Business Development Series Posted by David McDermott

The first article on effective delivery examined effective use of hands gestures. In the second one we looked at effective use of your voice including pace, pitch and pausing. We also stated that most training providers focus on delivery when training and advising on presentation skills and many give bad advice. Here is the final story of three.

I vividly recall helping a client with a very specific pitch. At first, the presenting team seemed a bit reserved and closed but warmed to me when they learned about persuasive strategies, sequencing their case for appointment for maximum impact, how to engage their audience, emphasise their USP’s, make their content relevant and credible. When they were about to run through their pitch for the final time I gave them some tips on team work, emphasising the importance of body language, even when they were not speaking, and delivery, mainly pace, use of gestures and eye contact.

When we finished the session, they told me they were really pleased that I helped them with structure, strategy, content and pitch book design as well as delivery as they had a bad experience on a previous training programme. This of course was guaranteed to get my curiosity level high, so I asked them about it. They explained that they were previously trained by some actors who told them that every pitch is a ‘performance’; you must ‘act’ out that pitch.

Ok, so far not too much to get irritated about, but wait for it, they were then dressed as Shakespearian characters and had to shout out their lines as if on stage in a large auditorium. At best, this type of approach can be a bit of fun, maybe good for the office party. At worst, this approach will put people out of their comfort zones unnecessarily as they will not feel natural. Any reserved, serious, analytical types will quickly revert to type.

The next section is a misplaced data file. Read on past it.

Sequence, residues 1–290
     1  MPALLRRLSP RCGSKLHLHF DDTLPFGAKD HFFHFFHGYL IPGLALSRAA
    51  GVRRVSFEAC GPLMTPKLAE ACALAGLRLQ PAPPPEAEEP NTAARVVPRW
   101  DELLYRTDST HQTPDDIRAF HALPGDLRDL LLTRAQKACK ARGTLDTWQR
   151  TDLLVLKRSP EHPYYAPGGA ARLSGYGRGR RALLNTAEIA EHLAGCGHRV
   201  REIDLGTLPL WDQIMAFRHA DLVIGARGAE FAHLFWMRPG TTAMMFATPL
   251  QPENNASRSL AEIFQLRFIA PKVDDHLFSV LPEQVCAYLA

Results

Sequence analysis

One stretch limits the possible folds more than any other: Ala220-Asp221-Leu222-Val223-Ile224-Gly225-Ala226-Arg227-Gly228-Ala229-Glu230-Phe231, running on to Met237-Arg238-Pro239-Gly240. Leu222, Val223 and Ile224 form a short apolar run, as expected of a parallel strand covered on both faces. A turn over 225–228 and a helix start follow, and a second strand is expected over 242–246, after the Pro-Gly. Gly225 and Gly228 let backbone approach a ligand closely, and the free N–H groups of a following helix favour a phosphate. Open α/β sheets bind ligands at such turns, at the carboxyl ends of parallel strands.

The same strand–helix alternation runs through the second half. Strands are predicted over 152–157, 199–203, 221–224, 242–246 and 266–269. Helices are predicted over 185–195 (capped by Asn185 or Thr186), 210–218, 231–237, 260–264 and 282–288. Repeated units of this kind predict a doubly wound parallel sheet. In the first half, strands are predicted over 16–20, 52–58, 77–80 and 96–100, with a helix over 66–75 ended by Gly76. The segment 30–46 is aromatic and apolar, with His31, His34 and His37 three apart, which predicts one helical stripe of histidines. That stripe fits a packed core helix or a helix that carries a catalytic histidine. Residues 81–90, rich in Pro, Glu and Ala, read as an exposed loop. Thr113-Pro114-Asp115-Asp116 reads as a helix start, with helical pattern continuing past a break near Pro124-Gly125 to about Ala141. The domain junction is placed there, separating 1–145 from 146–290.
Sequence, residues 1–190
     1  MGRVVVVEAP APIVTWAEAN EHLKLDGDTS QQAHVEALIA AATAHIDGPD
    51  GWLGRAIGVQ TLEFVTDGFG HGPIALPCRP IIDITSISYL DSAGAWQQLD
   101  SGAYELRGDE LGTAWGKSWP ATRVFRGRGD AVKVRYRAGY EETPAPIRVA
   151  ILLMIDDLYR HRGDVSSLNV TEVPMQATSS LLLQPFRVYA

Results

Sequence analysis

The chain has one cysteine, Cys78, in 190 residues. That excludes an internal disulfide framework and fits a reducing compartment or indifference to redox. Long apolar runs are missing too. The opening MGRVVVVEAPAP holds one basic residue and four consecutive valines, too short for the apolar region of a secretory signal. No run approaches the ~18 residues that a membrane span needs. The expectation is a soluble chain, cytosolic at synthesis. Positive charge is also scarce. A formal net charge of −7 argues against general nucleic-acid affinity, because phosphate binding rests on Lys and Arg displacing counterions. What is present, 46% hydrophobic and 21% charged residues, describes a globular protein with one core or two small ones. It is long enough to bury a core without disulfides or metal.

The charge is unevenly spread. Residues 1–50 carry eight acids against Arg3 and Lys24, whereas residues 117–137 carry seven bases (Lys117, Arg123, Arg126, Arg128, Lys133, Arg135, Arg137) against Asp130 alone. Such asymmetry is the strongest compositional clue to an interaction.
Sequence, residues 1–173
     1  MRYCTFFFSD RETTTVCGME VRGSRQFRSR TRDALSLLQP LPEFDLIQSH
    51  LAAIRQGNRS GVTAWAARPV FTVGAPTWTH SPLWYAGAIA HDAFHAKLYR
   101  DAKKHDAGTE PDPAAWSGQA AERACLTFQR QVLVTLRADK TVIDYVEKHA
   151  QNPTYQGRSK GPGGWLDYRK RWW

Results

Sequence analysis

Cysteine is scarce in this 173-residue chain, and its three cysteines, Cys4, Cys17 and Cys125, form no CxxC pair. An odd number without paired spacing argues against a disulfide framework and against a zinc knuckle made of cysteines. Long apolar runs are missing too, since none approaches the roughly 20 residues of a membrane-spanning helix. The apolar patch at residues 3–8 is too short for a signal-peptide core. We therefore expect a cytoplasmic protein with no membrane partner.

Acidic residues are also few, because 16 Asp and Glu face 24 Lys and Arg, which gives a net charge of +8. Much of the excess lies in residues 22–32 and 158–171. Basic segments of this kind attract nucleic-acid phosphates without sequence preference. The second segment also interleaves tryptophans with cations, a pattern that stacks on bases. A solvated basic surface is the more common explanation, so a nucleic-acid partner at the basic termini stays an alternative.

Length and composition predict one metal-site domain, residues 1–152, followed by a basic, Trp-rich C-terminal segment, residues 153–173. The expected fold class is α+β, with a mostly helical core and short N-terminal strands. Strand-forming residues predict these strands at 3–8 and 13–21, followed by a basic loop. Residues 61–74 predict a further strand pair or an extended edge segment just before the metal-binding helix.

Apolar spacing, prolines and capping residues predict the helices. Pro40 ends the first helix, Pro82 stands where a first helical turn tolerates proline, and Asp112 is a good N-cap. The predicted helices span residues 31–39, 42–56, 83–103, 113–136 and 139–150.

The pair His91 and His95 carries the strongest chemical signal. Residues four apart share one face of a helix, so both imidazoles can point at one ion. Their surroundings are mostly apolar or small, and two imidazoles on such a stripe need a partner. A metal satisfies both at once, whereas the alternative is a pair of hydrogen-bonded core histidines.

Just when I thought I had heard it all, it got worse. The following exercise had them presenting in the accents of the other participants. Really? As one of the delegates said, “As you can see, we are a global business and there is always a multi cultural group of participants. Personally, I thought it was borderline racism.”

Be yourself, be natural and conversational. This is what the audience want to see and hear – the real you. Also, think of the implications of your audience buying into an act. Will you keep this up every time you see them?

We find that most ‘delivery issues’ e.g. pace, fidgeting, eye contact and hesitancy can be corrected quickly. A deep understanding of persuasive presentation strategies, how to package content in a relevant, credible and engaging way and how to answer difficult questions is where edoMidas really add value.

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